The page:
- Practice negative visualization: This is a Stoic technique embedded in ancient Roman philosophy. While the very notion of thinking of something negative or uncomfortable may seem counterintuitive to gratitude, the very practice of negative visualization is a powerful technique of turning pessimism into optimism and ultimately into gratitude. This contemplation can be done anytime and involves thinking and noting all the things that are of great importance to you (e.g., family and loved ones, pets, personal health, friendships, job, hobbies, etc.) and how you would feel if these ended and were taken away from you. This short practice is extremely powerful and paradoxically helps you to have a greater appreciation for what has meaning in your life and innately fosters gratitude for the important things in your life.
- The “Last Time” meditation technique: This is another Roman Stoic mindfulness technique that is similar to negative visualization. A Stoic philosopher once said, “Each day brings its own gifts”; however, what we often miss is that these gifts and moments are fleeting, and we often take them for granted. When we practice the “Last Time” meditation technique, we are simply being mindful that everything we do will have a “last time,” which helps us avoid taking things for granted. We will all have a last hug, a last drink of water, a last swim, a last movie, a last laugh, etc. Most of us don’t know when these last times will happen but contemplating this reality is good for the soul and engenders thankfulness and gratitude. Both negative visualization and last-time thinking can easily be incorporated into any daily or weekly meditation routine.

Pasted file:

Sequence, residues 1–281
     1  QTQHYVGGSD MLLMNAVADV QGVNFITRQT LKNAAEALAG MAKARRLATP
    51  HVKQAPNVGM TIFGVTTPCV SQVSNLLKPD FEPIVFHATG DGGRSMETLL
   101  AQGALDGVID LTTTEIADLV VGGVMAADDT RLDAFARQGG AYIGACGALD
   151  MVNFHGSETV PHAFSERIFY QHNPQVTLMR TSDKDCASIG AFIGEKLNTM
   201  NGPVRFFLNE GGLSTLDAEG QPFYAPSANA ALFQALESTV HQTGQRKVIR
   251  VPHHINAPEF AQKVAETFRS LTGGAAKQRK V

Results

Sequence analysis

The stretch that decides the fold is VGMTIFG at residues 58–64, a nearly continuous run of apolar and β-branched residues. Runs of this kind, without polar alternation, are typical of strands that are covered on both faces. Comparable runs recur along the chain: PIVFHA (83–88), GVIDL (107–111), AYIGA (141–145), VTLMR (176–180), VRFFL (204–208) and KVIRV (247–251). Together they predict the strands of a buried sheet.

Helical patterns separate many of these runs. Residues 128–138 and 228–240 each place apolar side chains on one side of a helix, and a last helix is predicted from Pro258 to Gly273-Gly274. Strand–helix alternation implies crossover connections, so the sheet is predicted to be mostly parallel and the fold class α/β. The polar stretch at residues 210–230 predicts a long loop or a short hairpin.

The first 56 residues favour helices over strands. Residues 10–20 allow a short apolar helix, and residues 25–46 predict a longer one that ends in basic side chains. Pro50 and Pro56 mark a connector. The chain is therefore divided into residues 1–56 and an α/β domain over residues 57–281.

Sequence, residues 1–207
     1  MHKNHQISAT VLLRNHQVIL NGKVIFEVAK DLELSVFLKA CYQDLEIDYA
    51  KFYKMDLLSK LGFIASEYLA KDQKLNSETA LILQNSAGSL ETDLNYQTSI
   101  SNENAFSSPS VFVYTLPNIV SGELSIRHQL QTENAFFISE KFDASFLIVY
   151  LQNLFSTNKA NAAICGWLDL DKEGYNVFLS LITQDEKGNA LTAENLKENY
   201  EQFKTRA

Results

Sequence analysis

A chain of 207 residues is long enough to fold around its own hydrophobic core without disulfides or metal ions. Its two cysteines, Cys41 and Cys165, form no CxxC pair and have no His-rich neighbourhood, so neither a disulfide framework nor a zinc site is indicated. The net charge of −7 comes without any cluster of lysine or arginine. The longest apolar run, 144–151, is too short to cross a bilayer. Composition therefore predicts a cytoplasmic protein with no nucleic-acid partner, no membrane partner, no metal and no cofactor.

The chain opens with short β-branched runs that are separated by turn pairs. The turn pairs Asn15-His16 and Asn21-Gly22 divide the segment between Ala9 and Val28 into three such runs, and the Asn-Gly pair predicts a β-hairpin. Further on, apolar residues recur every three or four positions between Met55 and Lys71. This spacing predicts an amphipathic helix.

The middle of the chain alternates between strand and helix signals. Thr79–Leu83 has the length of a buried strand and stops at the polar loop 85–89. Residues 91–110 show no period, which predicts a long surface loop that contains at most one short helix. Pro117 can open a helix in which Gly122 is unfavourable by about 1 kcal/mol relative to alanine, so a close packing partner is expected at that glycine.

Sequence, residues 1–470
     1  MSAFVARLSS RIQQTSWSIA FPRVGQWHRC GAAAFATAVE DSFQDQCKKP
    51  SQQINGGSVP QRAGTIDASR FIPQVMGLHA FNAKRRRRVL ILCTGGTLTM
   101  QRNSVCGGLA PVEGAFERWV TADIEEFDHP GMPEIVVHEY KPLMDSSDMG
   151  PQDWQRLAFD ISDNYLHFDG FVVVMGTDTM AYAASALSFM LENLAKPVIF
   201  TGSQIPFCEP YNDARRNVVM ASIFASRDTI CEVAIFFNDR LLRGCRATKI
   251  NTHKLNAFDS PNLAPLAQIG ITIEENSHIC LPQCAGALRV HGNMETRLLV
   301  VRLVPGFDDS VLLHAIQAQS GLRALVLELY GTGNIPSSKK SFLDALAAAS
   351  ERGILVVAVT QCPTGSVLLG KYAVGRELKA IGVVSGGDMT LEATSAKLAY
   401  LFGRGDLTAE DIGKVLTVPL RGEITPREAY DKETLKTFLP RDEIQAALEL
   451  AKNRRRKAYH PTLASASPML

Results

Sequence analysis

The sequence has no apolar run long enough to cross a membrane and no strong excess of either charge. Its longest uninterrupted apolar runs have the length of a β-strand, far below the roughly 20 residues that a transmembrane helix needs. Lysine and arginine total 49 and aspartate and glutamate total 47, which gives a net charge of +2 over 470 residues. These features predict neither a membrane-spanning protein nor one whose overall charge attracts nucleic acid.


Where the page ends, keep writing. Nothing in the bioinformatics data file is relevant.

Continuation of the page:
- Put gratitude into action externally: As you improve your internal dialogue with gratitude, make it a point to express this gratitude to the world around you. Gratitude has the power of compounded growth in that it can spread fast as other people naturally manifest their own gratitude when gratitude is expressed to them. There are so many ways to manifest this. Tell your friends or loved ones that you love them. Tell the people you work with how much you appreciate them. Compliment a stranger. Send a text message, call, or write a note or letter to express your gratitude. And it’s not just the people in our lives we should show gratitude but everything around us including animals and our natural environment — the trees, streams, flowers, etc. Show your appreciation by picking up a piece of trash next time you see one, plant and cultivate gardens and green spaces if possible, or simply stop and give gratitude to the view around you outside. Remember everything is one and the energy of gratitude can be expressed through all of nature.